Children’s learning experiences in home, school, and community settings are often disconnected from one another, and this challenge particularly affects those who are already under-served. How might learning be better linked to support children’s development? How are some communities innovating to address this persistent challenge and how can digital technologies contribute toward solutions?
At a special TELOS Initiative symposium at Stanford’s Graduate School of Education on November 8, Lori Takeuchi (Joan Ganz Cooney Center at Sesame Workshop), June Ahn (NYU), and Andrew Volmert and Kevin Levay (FrameWorks Institute) presented ongoing national research about families and children’s learning beyond school, and Sunanna Chand from Remake Learning shared examples of how educators and organizations in Pittsburgh have worked to build networks that guide students through pathways of connected learning. This symposium kicked off a two-day workshop during which regional teams collaborated on design challenges. Read on for highlights.
Professor Brigid Barron welcomed a full house to the TELOS symposium.
Lori Takeuchi and June Ahn presented some findings from a national survey of more than 1500 parents with children between the ages of 3-12 years old.
In a national survey of more than 1500 parents, 64% of grandparents play a role in supporting a child's interests - talking about, co-participating, or finding resources. #FamLABProject— Cooney Center (@CooneyCenter) November 9, 2017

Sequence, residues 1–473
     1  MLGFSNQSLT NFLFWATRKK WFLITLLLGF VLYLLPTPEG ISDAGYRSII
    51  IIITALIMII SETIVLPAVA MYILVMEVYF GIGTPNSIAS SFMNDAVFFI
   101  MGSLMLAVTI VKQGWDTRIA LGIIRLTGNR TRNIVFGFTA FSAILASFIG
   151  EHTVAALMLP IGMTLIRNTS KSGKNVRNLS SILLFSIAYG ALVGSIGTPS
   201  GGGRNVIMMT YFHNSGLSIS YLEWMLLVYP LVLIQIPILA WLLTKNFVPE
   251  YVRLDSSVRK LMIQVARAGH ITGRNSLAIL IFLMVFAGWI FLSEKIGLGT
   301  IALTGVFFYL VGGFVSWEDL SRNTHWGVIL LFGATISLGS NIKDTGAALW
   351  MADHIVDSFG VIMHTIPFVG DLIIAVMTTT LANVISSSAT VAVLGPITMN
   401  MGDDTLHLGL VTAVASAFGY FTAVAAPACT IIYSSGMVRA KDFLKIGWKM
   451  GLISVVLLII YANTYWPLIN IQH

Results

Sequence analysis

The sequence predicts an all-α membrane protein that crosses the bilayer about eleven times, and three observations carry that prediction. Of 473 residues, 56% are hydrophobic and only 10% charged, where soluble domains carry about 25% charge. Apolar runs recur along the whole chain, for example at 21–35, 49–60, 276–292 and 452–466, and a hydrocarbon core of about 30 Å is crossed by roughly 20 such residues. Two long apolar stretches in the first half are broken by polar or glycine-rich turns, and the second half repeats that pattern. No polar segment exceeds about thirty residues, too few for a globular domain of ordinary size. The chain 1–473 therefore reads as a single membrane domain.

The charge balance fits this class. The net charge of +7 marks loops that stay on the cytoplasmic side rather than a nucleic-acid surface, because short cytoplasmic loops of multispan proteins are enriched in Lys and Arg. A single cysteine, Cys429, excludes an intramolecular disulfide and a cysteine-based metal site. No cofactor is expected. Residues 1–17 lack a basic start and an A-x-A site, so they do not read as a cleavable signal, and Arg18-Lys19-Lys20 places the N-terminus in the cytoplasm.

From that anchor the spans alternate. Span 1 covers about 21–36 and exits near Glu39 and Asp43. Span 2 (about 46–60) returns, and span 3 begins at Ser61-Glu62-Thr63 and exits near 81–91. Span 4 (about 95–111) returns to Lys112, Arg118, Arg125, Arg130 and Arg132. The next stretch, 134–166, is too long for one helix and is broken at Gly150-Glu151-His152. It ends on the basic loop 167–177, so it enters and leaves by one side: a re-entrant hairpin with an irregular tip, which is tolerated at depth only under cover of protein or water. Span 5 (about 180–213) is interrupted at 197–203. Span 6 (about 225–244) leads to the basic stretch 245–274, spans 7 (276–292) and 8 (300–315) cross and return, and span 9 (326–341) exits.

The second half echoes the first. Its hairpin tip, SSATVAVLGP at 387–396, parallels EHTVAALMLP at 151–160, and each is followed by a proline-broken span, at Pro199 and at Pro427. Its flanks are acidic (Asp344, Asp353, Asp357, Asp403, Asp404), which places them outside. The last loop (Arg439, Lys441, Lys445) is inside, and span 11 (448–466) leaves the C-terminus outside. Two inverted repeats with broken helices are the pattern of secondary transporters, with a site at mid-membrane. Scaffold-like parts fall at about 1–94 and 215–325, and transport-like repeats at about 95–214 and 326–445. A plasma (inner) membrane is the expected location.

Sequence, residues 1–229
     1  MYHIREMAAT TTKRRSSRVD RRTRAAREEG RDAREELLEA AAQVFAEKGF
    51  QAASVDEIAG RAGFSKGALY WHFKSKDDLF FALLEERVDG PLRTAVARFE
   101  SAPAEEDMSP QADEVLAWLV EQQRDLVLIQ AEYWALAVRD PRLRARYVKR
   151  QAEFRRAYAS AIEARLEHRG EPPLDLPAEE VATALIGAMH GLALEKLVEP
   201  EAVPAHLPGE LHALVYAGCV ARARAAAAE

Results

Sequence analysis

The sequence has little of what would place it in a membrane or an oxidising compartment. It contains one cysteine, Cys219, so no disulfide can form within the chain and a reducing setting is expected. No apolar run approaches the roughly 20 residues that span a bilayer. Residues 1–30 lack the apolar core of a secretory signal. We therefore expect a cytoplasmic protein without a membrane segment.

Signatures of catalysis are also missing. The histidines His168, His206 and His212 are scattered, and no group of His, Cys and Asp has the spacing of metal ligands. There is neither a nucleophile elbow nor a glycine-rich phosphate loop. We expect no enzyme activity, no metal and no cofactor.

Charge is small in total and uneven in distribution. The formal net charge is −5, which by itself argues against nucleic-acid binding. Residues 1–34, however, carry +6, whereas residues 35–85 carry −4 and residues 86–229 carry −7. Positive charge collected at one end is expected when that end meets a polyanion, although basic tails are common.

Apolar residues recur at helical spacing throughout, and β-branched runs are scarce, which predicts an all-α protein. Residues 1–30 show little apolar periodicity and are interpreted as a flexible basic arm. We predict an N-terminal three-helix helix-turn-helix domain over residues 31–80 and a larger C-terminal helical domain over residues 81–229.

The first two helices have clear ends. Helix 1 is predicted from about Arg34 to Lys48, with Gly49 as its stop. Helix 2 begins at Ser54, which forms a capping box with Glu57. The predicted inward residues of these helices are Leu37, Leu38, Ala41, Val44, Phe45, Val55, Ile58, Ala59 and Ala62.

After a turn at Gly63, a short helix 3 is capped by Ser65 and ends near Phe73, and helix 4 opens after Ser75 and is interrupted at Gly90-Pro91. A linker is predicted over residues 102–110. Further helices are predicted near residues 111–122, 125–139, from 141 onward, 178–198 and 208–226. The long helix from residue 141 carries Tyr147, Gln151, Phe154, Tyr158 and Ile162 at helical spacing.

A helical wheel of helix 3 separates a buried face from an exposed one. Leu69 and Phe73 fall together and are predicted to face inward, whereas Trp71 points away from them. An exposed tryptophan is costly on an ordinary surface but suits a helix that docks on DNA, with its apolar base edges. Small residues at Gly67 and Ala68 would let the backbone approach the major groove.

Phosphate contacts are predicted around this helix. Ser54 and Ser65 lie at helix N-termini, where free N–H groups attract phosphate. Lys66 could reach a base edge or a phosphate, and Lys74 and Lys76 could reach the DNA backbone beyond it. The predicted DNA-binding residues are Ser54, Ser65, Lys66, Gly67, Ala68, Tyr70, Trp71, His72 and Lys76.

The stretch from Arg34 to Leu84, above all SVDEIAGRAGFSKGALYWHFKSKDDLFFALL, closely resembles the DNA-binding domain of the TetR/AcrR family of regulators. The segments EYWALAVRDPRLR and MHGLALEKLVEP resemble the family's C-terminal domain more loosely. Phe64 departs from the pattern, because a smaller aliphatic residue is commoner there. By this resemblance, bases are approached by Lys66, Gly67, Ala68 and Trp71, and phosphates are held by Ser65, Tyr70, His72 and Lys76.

.@ahnjune: Majority of parents agree kids should have unstructured time, but more than half also say they want to get kids involved in as many activities as possible. Need to unpack these findings. #FamLABProject pic.twitter.com/fHT9Oq1D0r— Cooney Center (@CooneyCenter) November 9, 2017
Interviews by @FrameWorksInst suggest public perceives out of school environments as opportunity to break up the routine, provide fun -- more about reinforcing/repeating school learning than deepening learning #FamLABproject— Cooney Center (@CooneyCenter) November 9, 2017
Today's kids need creative, engaging experiences to learn because they will need to contribute to the grand challenges in the coming years. Need a more connected approach to learning, across different environments. @SunannaC from @remakelearning #FamLABProject— Cooney Center (@CooneyCenter) November 9, 2017
On Thursday morning, FamLAB participants representing seven regional teams gathered at Stanford’s d.school to kick off two days of design workshops.
The research teams provided overviews of their findings to help frame the discussions.
The team from FrameWorks raised some of the findings they uncovered through extensive interviews.
People bring different assumptions about “places” like parks, libraries, and museums, and the kind of learning that can happen there. How can we help broaden these mental models? #FamLABproject— Cooney Center (@CooneyCenter) November 9, 2017
Then the teams began to put their heads together to define the issues they wanted to tackle.
On Friday, the teams were energized and ready to present their ideas to help build stronger bridges for learning.
“The Creative Confluence” @drlovelace @adallie1 @theanalogdivide presenting at @stanforddschool #FamLABProject on a #learningpathway idea with potential to reach more kids. #RemakeLearning for ALL pic.twitter.com/a5gtCZZEX7— Sunanna T Chand (@SunannaC) November 10, 2017
Stay tuned for more information about the #FamLABProject. We’ll be publishing results in 2018!